We are always told by our elders and mentors that we need to save and invest for our future, but where should one start? Even with all the investment options available, the temptation is to procrastinate and spend for something now. After all, yolo!
We asked Carlo Cuevas, our resource person on financial investment and portfolio management, for some tips on how to get started on a path to smarter investing.
When it comes to investing, it is important to set goals based on what you want in a particular stage in life. Examples of these goals may be saving for a trip abroad, pursuing further studies, preparing for retirement, or simply having excess funds that you want to set aside for future use.
Classifying them into short-term, medium-term, or long-term goals will help you craft your investment plan. Since we cannot create an investment plan for everything that we want, it is best to prioritize them considering time horizon and importance.
Do not immediately jump into an investment outlet that was first offered to you by an agent of a financial institution. Do your own homework by inquiring from various financial institutions what investment products they have to offer. There are a lot of websites and articles online that discuss financial investments. With technological advancement and globalization, the list of investment options is widening that go beyond traditional time deposits of banks or treasury bills by the government. Some of these are bonds, stocks, pooled funds, and variable life insurance policies. Educate yourself to understand these options, and choose which ones are applicable to your goals.
For example, if you are over 40, then maybe a fund with sickness benefits and/or a life insurance component will be applicable. If you are young at heart and just saving for a trip abroad, then maybe a time deposit or bonds will make more sense for you.
Diversify/design a portfolio
You may find the statement “do not put all your eggs in one basket” a bit cliché but diversifying your investment will always be an effective strategy to minimize risk. There is no single best investment but creating a portfolio of different investment assets will optimize the returns with an acceptable level of risk. An investment portfolio can vary for every individual and its composition will depend on the person’s objective and risk profile. An objective is the person’s purpose for setting up the investment while risk profile is the extent of risk that a person can tolerate. Objectives are not always aligned with risk profile thus having a balance between the two is essential.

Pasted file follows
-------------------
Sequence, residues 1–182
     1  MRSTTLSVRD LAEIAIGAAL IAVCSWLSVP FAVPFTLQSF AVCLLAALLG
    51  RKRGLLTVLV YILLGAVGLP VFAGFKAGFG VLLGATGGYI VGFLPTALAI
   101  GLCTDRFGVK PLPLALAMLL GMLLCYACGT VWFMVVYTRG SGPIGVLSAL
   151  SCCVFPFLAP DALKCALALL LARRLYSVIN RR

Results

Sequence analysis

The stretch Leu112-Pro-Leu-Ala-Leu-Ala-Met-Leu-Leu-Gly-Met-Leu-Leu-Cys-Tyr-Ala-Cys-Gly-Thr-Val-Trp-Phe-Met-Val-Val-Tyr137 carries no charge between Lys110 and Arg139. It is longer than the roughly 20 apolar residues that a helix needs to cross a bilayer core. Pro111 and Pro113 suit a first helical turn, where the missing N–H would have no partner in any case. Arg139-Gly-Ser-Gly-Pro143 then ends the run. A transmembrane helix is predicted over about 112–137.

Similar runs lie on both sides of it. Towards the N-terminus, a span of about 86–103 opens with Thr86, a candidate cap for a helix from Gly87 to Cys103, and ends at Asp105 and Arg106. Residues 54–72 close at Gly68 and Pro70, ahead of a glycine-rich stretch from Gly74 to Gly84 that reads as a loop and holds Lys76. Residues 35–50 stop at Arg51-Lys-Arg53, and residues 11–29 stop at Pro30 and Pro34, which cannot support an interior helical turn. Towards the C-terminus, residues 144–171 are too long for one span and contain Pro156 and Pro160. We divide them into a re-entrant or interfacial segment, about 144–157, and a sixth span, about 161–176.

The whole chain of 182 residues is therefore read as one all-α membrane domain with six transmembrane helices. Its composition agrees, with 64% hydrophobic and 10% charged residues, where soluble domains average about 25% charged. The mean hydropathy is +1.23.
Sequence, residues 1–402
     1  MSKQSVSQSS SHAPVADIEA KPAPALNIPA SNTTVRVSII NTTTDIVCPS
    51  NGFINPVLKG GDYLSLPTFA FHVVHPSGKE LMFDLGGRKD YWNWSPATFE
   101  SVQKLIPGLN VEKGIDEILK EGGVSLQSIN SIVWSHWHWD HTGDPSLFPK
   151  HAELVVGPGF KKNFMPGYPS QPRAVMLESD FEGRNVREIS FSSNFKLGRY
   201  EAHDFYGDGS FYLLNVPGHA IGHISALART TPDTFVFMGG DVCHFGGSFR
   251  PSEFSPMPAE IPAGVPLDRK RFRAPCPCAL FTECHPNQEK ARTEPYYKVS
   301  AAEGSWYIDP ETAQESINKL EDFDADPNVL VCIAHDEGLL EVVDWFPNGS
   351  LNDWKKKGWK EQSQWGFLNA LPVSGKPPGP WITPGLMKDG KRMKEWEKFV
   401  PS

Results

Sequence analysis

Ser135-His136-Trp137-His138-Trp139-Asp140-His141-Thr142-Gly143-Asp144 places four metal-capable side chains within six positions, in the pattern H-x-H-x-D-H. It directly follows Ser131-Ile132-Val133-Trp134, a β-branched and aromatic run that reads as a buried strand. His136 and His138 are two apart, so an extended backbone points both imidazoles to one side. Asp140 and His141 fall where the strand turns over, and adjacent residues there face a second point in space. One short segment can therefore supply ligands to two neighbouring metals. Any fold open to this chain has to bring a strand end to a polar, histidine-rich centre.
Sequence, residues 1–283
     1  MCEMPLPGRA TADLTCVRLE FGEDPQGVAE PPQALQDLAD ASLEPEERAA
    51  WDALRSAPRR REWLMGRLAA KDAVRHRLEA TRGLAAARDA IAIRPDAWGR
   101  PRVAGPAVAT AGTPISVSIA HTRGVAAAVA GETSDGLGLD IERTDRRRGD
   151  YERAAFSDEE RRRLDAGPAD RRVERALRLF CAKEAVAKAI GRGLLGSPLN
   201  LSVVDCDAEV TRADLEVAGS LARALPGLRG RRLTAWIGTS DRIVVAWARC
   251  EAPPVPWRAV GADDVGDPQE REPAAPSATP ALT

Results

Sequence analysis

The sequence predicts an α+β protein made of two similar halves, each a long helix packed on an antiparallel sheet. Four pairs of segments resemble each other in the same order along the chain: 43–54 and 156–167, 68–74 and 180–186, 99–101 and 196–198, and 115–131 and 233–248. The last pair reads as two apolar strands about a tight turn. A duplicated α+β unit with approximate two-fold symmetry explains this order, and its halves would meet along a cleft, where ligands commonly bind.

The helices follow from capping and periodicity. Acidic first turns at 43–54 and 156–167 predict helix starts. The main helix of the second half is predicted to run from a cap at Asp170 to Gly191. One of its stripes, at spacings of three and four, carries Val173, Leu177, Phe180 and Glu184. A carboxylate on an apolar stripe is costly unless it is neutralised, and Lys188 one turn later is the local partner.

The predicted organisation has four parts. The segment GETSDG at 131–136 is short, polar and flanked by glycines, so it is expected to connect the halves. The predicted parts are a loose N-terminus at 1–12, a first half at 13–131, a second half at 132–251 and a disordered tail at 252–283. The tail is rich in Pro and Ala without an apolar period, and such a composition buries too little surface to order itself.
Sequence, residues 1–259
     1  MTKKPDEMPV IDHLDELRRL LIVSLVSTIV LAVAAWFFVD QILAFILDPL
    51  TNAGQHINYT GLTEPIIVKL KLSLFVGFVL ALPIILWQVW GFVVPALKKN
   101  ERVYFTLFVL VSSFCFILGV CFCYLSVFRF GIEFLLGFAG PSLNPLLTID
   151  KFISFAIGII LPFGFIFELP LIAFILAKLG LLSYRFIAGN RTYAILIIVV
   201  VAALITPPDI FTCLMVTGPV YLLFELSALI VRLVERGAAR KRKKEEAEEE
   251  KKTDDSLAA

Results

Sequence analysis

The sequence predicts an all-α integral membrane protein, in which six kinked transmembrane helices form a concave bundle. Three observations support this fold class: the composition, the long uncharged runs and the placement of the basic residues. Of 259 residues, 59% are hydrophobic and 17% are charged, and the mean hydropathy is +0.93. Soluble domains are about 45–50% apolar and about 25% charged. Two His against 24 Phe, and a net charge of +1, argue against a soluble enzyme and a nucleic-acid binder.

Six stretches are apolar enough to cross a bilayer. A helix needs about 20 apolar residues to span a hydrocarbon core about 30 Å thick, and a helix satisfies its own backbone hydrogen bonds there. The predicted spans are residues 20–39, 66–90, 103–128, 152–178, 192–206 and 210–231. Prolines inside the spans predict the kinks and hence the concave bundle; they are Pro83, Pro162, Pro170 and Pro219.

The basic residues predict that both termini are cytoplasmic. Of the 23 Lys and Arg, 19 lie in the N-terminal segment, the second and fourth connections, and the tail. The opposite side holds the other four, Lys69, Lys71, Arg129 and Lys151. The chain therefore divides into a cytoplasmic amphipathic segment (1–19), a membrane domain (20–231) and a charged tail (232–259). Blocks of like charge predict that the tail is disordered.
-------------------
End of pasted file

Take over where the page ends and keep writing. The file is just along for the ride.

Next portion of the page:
Also check the features of each option—for example, a mutual fund’s unit price can go up or down. Is this acceptable for you? Or would you wish your principal amount to be free from fluctuations?
A person with a moderate risk profile who plans to save up for a trip abroad three years from now may want to have a portfolio composed mostly of bonds with a bit of exposure in stocks. In this example, the person may opt to have a portfolio composed of 80 percent bonds and 20 percent in stocks and build the investment by contributing a certain amount every month for the next three years. Bonds are more stable in terms of price fluctuations and provides moderate returns while stocks can maximize returns but are subject to high price fluctuations.
Commit to the plan
Lastly, once you have designed a portfolio, commit to the investment plan. As much as possible, you do not want an investment to be used for another purpose other than your original intention. If you plan to regularly invest for several years, it is advisable not to touch the investment midway. That is the reason why it is also important to set up an emergency fund that you can always use in case of sudden unexpected expenses.
Investment is not just something that you can let go whenever you want to. It is a commitment that will have long-term rewards if properly planned and executed.
Cuevas will facilitate a workshop titled “Financial Investments and Portfolio Management” on Dec. 13 at Inquirer Academy. CPAs can earn continuing professional development (CPD) units from the workshop.
It is ideal for employed and self-employed professionals whose function involves managing corporate funds such as those working in the treasury or finance department. This course is also applicable to individuals who are seeking to manage their own or their family’s funds.